Adelard was a pioneer of the scientific renaissance of the twelfth century, one of the first to call for observation, experimentation, and innovation rather than blind acceptance of authority on scientific questions. His writings include speculation that animals must have souls because they possess the power of judgment, and the first known written account of the distillation of alcohol. He followed Galen and the Arabian physicians in attempting to localize mental functions. Adelard's Perdifficiles Quaestiones Naturales (Natural Questions) (first mass-printed in 1472) consisted of 76 scientific discussions based on Arabic science which are presented in the form of a dialog between himself and a nephew, which lasted from 1113 to 1133. Adelard considered the shape of the Earth which he believed to be round, and the question of how Earth remains stationary in space. He asked the question of how far a rock would fall if it were dropped into a hole drilled through the earth. (See: center of gravity) He theorized that matter could not be destroyed, (see: Law of conservation of matter), and examined the question of why water experiences difficulty flowing out of a container that has been turned upside down. Many of these questions reflected the popular culture of the time.
In the field of astronomy, Adelard translated al-Khwarizmi's tables (Kharismian Tables), which became the first Latin astronomical tables of the Arabic type with their Greek influences and Indian symbols, and an Arabic Introduction to Astronomy; and wrote a short treatise on the astrolabe, which used the position of stars for navigation.
In De eodem et diverso Adelard defends philosophy and the use of reason. This work is divided into two parts: the first is a debate between Philocosmia, the lover of the world, who defends the realm of the senses, and Philosophia, the lover of wisdom, who defends the realm of the intellect. Philosophia wins the debate, and the second part of De eodem et diverso is devoted to the description of her “handmaidens,” the seven liberal arts.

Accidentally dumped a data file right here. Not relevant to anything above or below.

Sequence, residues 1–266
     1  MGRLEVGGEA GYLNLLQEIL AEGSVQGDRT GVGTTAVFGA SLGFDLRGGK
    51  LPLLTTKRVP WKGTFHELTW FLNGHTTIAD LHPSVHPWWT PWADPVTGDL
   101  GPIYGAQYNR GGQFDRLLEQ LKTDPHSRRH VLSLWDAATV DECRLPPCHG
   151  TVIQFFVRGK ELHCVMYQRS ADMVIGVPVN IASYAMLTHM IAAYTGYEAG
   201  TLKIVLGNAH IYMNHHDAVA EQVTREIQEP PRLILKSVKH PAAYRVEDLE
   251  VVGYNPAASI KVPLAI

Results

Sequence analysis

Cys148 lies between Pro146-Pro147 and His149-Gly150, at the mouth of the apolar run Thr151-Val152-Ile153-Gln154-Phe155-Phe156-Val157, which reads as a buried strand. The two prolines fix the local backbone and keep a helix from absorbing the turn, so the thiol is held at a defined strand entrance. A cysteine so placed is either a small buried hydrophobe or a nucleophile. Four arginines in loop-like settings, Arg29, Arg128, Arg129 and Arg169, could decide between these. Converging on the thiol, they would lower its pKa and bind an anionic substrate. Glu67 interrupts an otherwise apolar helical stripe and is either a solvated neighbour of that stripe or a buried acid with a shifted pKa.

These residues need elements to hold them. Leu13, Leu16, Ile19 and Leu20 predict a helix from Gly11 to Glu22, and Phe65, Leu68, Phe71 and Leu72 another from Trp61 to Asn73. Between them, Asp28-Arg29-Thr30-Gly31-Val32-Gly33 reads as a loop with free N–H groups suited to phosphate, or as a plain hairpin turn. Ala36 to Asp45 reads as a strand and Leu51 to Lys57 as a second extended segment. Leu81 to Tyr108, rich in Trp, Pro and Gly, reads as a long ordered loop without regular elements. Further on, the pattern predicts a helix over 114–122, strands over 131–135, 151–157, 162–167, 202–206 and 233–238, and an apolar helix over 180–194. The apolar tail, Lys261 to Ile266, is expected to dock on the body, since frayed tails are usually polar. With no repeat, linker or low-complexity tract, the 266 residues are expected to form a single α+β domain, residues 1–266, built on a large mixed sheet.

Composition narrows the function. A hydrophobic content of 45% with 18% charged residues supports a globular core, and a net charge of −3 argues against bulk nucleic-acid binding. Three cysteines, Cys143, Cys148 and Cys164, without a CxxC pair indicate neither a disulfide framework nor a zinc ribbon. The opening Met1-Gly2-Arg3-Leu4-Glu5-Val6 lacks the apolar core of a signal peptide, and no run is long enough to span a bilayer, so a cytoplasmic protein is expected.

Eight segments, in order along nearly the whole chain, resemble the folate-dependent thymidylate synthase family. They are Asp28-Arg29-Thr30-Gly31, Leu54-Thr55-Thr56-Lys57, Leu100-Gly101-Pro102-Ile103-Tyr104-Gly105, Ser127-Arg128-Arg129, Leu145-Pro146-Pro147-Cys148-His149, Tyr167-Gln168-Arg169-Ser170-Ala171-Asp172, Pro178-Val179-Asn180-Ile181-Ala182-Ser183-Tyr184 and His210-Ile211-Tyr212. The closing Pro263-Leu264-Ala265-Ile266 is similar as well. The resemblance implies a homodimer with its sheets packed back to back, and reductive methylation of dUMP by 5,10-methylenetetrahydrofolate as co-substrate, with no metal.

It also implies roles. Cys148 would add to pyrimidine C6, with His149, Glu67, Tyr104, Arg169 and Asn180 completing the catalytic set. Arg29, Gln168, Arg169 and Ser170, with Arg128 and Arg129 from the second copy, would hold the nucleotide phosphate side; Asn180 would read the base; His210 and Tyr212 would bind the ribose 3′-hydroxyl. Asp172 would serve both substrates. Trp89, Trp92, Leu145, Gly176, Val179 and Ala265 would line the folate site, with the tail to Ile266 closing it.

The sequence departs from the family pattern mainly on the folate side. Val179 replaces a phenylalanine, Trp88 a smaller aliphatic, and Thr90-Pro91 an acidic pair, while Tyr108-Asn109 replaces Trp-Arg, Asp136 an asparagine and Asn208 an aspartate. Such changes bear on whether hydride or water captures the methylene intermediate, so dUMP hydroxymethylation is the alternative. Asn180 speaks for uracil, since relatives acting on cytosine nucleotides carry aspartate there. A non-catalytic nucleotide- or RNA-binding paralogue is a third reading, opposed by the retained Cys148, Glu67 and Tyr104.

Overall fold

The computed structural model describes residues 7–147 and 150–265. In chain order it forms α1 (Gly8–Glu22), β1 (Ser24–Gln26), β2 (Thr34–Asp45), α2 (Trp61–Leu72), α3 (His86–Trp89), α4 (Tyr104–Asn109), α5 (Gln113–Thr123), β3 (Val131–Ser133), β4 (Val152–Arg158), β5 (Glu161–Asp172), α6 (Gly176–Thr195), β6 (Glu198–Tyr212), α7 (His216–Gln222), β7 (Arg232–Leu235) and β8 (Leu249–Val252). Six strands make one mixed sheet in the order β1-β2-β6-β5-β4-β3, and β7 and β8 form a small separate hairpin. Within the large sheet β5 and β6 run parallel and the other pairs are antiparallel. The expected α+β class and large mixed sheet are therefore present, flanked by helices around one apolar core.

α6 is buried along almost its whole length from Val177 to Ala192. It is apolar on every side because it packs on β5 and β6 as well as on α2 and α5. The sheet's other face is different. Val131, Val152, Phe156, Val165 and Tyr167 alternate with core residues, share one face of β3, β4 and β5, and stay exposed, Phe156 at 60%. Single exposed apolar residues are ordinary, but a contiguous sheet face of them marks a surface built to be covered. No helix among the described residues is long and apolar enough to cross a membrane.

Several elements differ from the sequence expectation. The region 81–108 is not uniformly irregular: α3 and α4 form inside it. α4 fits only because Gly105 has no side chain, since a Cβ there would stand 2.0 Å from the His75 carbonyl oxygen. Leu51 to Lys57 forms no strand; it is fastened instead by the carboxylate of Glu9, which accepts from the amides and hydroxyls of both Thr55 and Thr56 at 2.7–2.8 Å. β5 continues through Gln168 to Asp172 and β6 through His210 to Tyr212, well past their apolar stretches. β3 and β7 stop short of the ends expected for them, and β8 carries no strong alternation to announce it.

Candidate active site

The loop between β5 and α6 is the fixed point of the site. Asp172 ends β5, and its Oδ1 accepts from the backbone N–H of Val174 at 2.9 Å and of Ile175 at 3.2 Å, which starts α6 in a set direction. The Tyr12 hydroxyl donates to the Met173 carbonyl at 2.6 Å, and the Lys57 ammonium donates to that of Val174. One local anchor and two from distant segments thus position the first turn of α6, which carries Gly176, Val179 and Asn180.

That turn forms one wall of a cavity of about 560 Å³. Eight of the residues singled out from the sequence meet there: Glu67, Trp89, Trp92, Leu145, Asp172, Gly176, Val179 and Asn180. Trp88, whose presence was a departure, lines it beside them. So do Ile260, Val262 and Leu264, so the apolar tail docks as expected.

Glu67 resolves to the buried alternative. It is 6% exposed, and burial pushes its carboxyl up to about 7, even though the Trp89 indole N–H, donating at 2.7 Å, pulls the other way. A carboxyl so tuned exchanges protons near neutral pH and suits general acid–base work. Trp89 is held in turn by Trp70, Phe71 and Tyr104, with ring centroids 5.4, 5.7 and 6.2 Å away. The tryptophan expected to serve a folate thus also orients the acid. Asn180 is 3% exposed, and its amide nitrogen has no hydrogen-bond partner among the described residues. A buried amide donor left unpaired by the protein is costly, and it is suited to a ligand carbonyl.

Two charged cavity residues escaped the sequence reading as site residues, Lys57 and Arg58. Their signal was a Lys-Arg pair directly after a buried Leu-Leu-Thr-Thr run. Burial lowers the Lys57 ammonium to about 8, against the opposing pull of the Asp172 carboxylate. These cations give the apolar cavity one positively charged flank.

In the first part, Adelard attempts to reconcile Plato and Aristotle in Philosophia’s reply to an accusation by Philocosmia that even the greatest of philosophers do not agree, by differentiating between the role of imagination and the role of reason in human understanding. Aristotle contends that individual, species, and genus can all be understood through the senses, while Plato considers species and genus to exist outside the individual. Adelard describes how the concepts of genus, species, and individual are applied to the same essence according to levels of understanding. The “individual” can be understood as unique and substantial through the senses. When a philosopher uses reason and imagination to compare individuals and discovers certain commonalities among certain individuals, he understands the “species” and the broader category of “genus” to which the individual belongs. However, imagination can get in the way of a correct understanding, and only the divine mind (Noys) truly understands all the implications contained in the concepts of ”species” and “genus.” An uneducated, common man uses only his senses to gather information concerning individuals, whereas an educated man uses reason and imagination to capture the distinctions of species and genus.
She rules over our senses in such a way that they prefer to serve her alone. She has taught people to feast on scent—smeared with ointments and garlanded with flowers; she has told them to taste honeyed and Bacchic drafts; she has ordered the eyes to thirst after gold and gems and everything else that is beautiful; she has opened the ears of animate beings to all the sounds of harmonic modulation, which the Greeks call ‘symphonies’; finally, lest any part of the body should not serve pleasure, she has covered the whole surface of the body with the enticements of touch. ("Philocosmia, on the senses," in Adelard, De eodem et diverso, ed. Willner, Munster i. W, 1903, 9)